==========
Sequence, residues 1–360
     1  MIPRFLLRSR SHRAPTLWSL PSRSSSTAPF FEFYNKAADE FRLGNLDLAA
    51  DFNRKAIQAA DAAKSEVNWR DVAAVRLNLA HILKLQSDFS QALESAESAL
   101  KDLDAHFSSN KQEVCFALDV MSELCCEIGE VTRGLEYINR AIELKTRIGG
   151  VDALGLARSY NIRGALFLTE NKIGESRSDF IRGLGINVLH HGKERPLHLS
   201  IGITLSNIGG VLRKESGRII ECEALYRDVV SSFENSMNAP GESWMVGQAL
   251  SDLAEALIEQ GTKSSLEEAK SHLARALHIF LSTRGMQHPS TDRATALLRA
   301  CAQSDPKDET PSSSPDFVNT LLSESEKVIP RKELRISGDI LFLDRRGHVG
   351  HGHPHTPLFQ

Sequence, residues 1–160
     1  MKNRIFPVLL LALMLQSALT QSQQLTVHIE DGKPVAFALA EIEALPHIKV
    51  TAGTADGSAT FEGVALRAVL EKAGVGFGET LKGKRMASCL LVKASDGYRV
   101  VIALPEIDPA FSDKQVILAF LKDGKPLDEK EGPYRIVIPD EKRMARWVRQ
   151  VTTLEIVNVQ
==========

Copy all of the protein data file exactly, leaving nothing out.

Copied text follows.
Sequence, residues 1–360
     1  MIPRFLLRSR SHRAPTLWSL PSRSSSTAPF FEFYNKAADE FRLGNLDLAA
    51  DFNRKAIQAA DAAKSEVNWR DVAAVRLNLA HILKLQSDFS QALESAESAL
   101  KDLDAHFSSN KQEVCFALDV MSELCCEIGE VTRGLEYINR AIELKTRIGG
   151  VDALGLARSY NIRGALFLTE NKIGESRSDF IRGLGINVLH HGKERPLHLS
   201  IGITLSNIGG VLRKESGRII ECEALYRDVV SSFENSMNAP GESWMVGQAL
   251  SDLAEALIEQ GTKSSLEEAK SHLARALHIF LSTRGMQHPS TDRATALLRA
   301  CAQSDPKDET PSSSPDFVNT LLSESEKVIP RKELRISGDI LFLDRRGHVG
   351  HGHPHTPLFQ

Sequence, residues 1–160
     1  MKNRIFPVLL LALMLQSALT QSQQLTVHIE DGKPVAFALA EIEALPHIKV
    51  TAGTADGSAT FEGVALRAVL EKAGVGFGET LKGKRMASCL LVKASDGYRV
   101  VIALPEIDPA FSDKQVILAF LKDGKPLDEK EGPYRIVIPD EKRMARWVRQ
   151  VTTLEIVNVQ